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KaitieG

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  1. First, way to go on doing your research and figuring out how to fix some of the issues you've run into! You're in a similar position to how I started my first tank, and there's nothing like wanting to take care of your fish to motivate learning lots of new stuff really fast! I agree that I wouldn't add any more fish for right now--they'll be happier a little lonely than with too many fish in a cycling tank. You're essentially doing a fish-in cycle, so that might be a god thing to just look up and read about. Prime is a great idea, and I've had very good success with it keeping fish healthy during mini-cycles. The other thing you could do is if you have a good local fish store or a friend with a tank, you could see if you could get a cycled sponge filter to add. I believe Michael's Fish Room also sells his online at least sometimes. That can help to jump start your cycle. The live plants are a good idea, but stick with something easy to start with since dying ones can add to your ammonia/nitrite issues. Out of curiosity, do you know about what your PH is? Ammonia is more toxic at higher PHs, so that might just be something to take into account. Also, the tip I really wish someone had told me when I was cycling for the first time: when you test nitrates with the API test kit, you have to bang and shake the bottle like MAD before you put the drops in. The Nitrate solutions form crystals in the bottle, so you have to really smack them around to get them distributed in the bottle and get an accurate test. Otherwise, you'll just keep testing at 0 for nitrates...forever...and ever...😉
  2. I love the different colors of mystery snails and they're one of my favorite things to watch in the aquarium...but their lifespan isn't as long as nerites for me.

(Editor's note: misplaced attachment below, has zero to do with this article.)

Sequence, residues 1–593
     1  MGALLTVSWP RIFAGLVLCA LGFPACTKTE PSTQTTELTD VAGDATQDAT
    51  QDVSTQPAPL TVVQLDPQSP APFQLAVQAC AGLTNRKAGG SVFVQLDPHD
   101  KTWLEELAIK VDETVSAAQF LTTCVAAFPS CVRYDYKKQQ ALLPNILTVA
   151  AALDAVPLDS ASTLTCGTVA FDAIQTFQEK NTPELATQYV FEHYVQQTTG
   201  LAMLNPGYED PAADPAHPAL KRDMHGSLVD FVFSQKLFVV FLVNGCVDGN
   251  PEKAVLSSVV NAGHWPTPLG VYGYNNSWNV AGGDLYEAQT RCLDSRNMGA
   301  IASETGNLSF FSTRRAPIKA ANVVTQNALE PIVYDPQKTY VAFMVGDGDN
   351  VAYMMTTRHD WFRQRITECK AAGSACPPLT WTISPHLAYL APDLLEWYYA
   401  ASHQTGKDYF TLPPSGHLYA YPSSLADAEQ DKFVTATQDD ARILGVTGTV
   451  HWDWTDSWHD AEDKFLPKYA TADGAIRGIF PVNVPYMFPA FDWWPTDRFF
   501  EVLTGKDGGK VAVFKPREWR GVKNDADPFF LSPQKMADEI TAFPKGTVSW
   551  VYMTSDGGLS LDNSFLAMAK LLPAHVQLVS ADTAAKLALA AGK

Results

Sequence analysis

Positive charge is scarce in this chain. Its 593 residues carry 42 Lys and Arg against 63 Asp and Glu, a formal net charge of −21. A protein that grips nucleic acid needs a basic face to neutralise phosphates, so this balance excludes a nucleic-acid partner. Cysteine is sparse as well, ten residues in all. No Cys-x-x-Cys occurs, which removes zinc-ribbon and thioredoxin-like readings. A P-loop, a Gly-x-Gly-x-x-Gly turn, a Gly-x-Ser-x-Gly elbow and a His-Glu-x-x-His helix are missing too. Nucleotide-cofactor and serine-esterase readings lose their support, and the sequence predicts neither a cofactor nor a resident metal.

3. I have water that's about exactly like yours in terms of hardness and ph. I've done well with most things--including softer water fish like neons, ember tetras, angelfish (though I specifically looked for a local hard-water breeder and bought from him), corys, loaches, betta. I like the philosophy Cory shared on a video--usually fish can handle 1 or 2 stressors but when you get over that you have trouble. I figure if I have fish that find hard/high ph water stressful, I should work to keep other stressors at bay.
  4. I second the water lettuce and frogbit suggestion--I have a hard time with floaters in my tanks in general,and my frogbit has mostly died out, but water lettuce that I sourced on ebay has been the most successful for me. I like that it's super easy to remove when it overgrows (which it does). Mine looked awful when it arrived and even smelled like dead plant, but I put some of the best pieces (even they were lacking roots) into the tank, and within a week they had roots a couple inches long and were greening up.
  5. I had gardneri killis as well and they ate EVERYTHING. Their mouths are bigger than they look, and they're fairly aggressive at going after anything else you put in the tank. Not sure how australes compare, but I'd use caution with shrimp and killis myself.
  6. I have a male crowntail in a community tank and have had success for a couple years with that setup. He didn't like neons when I had them in there and appeared stressed, but he's done great with ember tetras, corys, kuhlis, and neocardina shrimp. He is always out and about and is quite active, doesn't seem bothered by the HOB filter either. I think it's really a matter of the individual fish, but that's hard to guage before you get home!